Showing posts from April, 2020

Qt Application Framework

Qt is a cross platform application framework. It is primarily designed for c++ coding. However, there are also various ways to access it using Python. And it is in fact quite popular as a way to build GUI interfaces for Python applications. Qt allows you to develop your application for cross platform deployment from a single code base. This is very important in todays world. It is also extremely well documented. It is available in commercial as well as open source releases. With a huge base of existing users and a vast array of legacy applications built using it, you have some assurance that it will continue on into the future in some form. It encompasses desktop applications to mobile devices to embedded and connected devices. I briefly discussed some personal history associated with developing for Qt as well as platform longevity issues you should probably think about in a previous post . Qt is currently at version 5.12 as far as long term stability releases go (5.15 planned fo

HTC Seminar Series #3: Recent Advancements in AI algorithms and systems

This weeks HTC Seminar Series presets a talk by Gil Arditi, Head of Product for Machine Learning at Lyft.  The talk focuses on recent advancements in AI algorithms and systems.  The link to the video is here . One topic to pay particular attention to is the discussion on the OpenAI GPT-2 large transformer-based language model. In a later post we will dive into a more detailed look at what GPT-2 is doing, and how it was constructed.  And how it might be used in new applications other than just text generation.

Working with Cairo in your Jupyter Notebook

Cairo is a D vector graphics library that is nicely setup for both drawing to the screen or an image as well a  generating postscript, PDF or SVG output.  We'll be discussing it when we take a look at Cinder as an option for C++ application development in a later post. So i thought it would be cool to build an interface to Cairo for working with 2D graphics in Jupyter notebooks. Which i assumed meant building a Python library interface for it. And low and behold, smart people had already taken on the task. There are several different options to chose from. Let's take a look. Pycairo is the first one to look at. Python bindings for Cairo, just what the doctor ordered.  The Pycairo bindings are designed to match the cairo C API as closely as possible. Cairo itself is kind of old school C in it's api design. If you already have Cairo code you want to just use in a Python Jupyter notebook, this may be the way to go. Here's an example of how to use Pycairo. #!/usr/b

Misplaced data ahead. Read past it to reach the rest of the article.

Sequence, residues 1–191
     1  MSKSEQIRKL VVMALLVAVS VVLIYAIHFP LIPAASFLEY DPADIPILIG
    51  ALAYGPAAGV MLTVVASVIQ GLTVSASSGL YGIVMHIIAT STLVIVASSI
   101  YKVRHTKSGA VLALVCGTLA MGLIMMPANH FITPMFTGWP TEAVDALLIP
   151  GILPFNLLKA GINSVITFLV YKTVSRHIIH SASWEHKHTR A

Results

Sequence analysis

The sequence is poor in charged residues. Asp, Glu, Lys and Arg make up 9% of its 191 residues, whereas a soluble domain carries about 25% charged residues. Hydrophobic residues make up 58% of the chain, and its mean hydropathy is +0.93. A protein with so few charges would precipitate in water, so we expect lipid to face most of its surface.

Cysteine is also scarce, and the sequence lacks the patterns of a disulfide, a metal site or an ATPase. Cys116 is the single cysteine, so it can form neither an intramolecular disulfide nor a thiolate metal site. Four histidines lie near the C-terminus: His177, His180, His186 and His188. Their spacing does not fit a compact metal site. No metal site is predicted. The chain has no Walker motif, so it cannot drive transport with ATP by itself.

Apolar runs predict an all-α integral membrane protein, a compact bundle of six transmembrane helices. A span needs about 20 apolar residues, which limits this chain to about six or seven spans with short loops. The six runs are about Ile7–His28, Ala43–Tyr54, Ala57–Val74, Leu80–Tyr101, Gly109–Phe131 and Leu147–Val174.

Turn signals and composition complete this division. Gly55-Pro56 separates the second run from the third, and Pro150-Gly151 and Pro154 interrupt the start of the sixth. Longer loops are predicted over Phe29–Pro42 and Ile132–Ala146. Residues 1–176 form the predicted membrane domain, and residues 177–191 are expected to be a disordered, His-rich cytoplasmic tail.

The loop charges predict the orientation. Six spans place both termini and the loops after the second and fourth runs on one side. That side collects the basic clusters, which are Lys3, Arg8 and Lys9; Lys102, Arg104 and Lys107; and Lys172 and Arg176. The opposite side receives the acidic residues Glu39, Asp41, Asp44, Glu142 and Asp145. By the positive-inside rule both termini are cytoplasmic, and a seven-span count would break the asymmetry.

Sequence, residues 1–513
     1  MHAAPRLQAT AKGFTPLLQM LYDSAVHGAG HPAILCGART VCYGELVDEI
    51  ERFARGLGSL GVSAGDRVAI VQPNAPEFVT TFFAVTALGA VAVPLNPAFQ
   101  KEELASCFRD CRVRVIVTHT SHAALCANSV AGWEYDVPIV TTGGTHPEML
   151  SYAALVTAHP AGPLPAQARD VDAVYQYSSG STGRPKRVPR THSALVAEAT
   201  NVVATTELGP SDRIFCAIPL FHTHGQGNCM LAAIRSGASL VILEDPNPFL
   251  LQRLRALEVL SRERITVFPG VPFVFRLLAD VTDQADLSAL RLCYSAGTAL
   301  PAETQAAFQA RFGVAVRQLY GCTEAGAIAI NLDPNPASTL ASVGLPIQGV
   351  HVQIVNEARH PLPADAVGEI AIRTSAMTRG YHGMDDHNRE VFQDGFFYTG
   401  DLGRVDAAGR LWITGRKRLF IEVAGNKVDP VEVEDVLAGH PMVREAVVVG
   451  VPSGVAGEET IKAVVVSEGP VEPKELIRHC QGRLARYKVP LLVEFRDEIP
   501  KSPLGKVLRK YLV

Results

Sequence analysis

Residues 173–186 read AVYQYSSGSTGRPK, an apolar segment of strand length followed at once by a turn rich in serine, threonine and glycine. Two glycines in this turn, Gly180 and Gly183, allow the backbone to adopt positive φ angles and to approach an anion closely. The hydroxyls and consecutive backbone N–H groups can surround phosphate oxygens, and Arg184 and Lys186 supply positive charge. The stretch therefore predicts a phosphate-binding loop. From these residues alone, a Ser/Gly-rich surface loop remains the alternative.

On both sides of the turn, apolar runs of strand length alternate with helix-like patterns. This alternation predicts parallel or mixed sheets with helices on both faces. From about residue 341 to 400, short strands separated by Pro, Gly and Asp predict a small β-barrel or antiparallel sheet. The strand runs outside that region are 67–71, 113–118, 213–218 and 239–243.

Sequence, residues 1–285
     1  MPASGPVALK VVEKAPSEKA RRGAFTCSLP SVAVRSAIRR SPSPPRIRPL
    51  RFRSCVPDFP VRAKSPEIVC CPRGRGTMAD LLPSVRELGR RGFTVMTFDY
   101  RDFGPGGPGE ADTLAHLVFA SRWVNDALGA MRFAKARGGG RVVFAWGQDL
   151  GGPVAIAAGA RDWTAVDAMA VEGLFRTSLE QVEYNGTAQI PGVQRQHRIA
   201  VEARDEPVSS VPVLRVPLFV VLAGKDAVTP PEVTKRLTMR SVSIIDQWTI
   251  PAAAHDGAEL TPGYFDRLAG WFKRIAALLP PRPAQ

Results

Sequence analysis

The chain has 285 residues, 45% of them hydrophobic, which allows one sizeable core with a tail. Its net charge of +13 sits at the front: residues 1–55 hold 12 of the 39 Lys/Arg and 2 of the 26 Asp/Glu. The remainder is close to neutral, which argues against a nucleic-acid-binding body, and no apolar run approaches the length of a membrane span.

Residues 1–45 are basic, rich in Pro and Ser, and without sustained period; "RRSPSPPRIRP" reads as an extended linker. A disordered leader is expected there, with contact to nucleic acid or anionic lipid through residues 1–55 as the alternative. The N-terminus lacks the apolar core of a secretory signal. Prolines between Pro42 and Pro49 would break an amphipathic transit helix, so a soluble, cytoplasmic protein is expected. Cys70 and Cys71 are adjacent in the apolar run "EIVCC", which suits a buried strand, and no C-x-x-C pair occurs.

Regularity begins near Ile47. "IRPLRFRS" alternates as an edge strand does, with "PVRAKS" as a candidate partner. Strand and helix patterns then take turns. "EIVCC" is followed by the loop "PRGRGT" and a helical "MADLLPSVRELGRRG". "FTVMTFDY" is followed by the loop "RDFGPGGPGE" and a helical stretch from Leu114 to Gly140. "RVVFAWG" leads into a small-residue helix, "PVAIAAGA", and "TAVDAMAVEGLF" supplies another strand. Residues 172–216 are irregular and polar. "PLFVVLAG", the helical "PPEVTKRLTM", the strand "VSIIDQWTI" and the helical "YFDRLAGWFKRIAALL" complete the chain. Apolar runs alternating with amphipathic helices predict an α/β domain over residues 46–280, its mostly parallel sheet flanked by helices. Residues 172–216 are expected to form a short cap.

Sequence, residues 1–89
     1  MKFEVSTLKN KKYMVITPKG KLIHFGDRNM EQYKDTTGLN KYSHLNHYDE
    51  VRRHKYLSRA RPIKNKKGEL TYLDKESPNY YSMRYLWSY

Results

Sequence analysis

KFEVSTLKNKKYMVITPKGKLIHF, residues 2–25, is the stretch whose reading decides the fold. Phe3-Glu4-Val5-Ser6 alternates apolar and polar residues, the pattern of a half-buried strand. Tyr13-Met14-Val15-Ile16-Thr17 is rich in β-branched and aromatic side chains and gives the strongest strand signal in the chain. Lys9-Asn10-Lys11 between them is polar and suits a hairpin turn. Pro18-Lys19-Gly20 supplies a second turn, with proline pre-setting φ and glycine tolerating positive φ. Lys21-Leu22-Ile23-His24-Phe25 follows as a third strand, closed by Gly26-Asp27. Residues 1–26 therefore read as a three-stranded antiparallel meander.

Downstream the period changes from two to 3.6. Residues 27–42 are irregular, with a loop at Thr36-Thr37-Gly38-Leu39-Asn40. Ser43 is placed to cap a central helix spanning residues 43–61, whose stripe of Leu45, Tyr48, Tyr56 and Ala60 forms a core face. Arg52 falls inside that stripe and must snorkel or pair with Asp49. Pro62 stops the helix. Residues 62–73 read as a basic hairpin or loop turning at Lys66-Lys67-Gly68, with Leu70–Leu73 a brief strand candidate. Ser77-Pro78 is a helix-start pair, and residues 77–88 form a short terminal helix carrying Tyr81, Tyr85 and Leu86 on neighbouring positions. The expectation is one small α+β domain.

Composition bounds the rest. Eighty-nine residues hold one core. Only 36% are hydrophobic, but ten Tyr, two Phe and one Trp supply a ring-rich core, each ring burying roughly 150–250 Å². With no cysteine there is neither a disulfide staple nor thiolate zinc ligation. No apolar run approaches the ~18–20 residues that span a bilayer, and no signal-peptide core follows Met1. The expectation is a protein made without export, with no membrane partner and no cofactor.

Classic Paper Day 1: Deep Learning Review

Classic paper day is an alternative to a seminar presentation. We provide a pdf link to a classic paper that ties into something HTC is interested in. Many of the recent posts have been discussing small pieces of a much bigger puzzle, putting together an infrastructure for training and then deploying custom deep learning neural networks. We're hoping to make it as easy to do as possible for our members. This paper came out when the current deep learning neural network revival really kicked into gear. It's jointly written by the holy trinity of neural network research. It's a review paper published in Nature, so it was considered very significant to end up there. You can access the Deep Learning review paper here .